Being an adult, part of what I am concerned about that has forced me to reconnect the paradigm, is that we pass on things that we know are flawed. If we continue to do what we’ve been doing, we will continue to get what we got. Unless you stop and look at what you’re passing on, you don’t change the outcome of the generation. One thing I think about as a parent is that it forces you to think, ‘Wow, wait a minute, why am I passing that on? Is that really good or beneficial in any way?’ It forces you to always reexamine everything you do. It forces you to simplify complex concepts so that they are more understandable to another person.”
CBS: What is your best advice to fathers?
MVP: “My best advice to fathers is to enjoy being a kid with your kid, and to not always be stuck in being the parent. Every now and then, take your parent hat off and hang out with your kid, letting him or her know, ‘for this hour, I am just going to be your friend. I am not going to criticize, I am just going to enjoy playing with you.’ Remember this—you can’t learn from people that you don’t feel love from. It is very difficult to lead people when they don’t feel love.
The biggest advice I have to dads is to not get stuck in dad-mode all the time. Every now and then, play with your kids, be a friend, and get to know them. That was a huge part of We The Party. In one instance, I am asked by my kids if they can go to a party with teenage girls, and I say, ‘No, you cannot go without me.’ So they decided to ask me if I would go, but not as their dad. If I went as their dad, they would not be invited back. So they dressed me up in skinny jeans, big sneakers, and a hat, and I looked like the oldest teenager on the planet, but I went as a part of their entourage. I knew the kids were safe with me, and I’d rather be the parent who knows what’s going on than the parent who doesn’t.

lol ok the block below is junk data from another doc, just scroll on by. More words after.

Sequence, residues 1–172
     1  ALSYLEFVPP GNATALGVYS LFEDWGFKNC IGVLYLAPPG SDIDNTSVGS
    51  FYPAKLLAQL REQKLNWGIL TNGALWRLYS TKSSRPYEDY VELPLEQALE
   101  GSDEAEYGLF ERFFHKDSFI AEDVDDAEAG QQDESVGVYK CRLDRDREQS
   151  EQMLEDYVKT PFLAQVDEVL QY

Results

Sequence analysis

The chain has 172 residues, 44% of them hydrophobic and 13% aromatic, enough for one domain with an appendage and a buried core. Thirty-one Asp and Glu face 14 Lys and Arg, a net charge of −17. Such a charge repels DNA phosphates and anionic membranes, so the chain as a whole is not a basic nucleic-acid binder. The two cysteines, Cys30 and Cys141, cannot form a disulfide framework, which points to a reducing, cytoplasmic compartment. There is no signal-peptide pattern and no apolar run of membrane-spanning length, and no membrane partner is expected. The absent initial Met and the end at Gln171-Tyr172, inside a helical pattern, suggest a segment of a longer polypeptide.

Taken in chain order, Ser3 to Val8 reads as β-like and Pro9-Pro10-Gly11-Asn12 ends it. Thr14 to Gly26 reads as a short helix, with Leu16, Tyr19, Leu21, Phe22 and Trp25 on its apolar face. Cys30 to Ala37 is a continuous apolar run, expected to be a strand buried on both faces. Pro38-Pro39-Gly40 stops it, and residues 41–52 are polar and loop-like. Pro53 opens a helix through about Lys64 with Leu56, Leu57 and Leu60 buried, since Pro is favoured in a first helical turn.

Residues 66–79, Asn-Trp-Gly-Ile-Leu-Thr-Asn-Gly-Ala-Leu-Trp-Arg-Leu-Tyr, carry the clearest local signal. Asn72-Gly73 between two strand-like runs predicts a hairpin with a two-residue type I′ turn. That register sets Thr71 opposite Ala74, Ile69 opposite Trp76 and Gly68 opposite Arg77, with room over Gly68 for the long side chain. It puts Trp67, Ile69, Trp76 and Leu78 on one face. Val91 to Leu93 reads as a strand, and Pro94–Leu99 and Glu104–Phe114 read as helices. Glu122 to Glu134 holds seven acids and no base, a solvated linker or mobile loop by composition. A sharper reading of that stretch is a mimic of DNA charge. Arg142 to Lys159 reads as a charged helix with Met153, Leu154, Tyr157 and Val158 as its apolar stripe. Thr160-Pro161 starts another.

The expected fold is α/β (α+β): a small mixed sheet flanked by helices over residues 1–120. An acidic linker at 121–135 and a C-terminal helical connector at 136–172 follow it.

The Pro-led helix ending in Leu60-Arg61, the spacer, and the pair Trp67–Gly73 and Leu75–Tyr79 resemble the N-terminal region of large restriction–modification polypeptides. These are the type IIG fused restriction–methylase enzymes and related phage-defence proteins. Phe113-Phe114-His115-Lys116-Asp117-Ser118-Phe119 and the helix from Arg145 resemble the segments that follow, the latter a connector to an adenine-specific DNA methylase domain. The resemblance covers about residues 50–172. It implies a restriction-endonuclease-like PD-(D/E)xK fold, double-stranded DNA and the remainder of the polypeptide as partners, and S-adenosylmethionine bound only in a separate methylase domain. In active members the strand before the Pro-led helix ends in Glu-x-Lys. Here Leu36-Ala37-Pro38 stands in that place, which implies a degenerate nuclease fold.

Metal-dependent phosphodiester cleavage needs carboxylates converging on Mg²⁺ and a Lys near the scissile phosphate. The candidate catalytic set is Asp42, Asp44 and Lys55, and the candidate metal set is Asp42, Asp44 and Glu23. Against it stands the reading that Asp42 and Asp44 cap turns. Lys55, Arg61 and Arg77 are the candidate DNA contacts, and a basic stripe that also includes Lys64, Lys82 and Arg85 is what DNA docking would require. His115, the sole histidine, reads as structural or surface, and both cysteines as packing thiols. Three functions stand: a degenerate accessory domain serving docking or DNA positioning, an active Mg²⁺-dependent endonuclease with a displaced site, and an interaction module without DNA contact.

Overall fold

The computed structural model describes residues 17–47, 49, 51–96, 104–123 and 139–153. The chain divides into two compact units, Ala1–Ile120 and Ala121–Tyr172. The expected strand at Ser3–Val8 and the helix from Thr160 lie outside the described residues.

They are going to do what they do, and you have the choice of whether you want to know or not. I’d rather be the parent that they can talk to. It is so important to not forget every now and then to hang out with them and get to know them, and then you can go back and say, ‘I am going to talk to you about this as your father.’ Those things come up every day where I go, ‘There are some things where I can’t be your friend on and I have to be the guy who says no!’ Having appreciated them as students and kids gives you a much better inside into how to deal with them as parents.”
CBS: Are all your kids interested in the entertainment industry? Do you encourage it?
MVP: “I don’t know. They have all worked in it and enjoyed it, but enjoying something doesn’t mean you will make a living doing it. It helps you learn work ethic and people skills, but I think you have to love what you do, love who you do it with, and love what you say about it. It helps that you get to enjoy what you love. In my life, I loved what I do, loved the people I worked with, and of course my kids and family and extended family and friends, and I love what I say with it.
I do not encourage my kids to be in the entertainment industry. They got to work with me, because that is our family business, but I don’t encourage them to do it as their only endeavor. They are all different, and they will let me know what they want to do. I will encourage them to be the best at it that they can be.”
CBS: What’s up next for you?
MVP: “I am going to hug my daughter! I am also going off to Chicago to direct Boss with Kelsey Grammer. It is hard to always know what is in the direct future in this business. One day you are on a billboard and everyone loves you, and the next day you are on a milk carton and no one knows where you are.”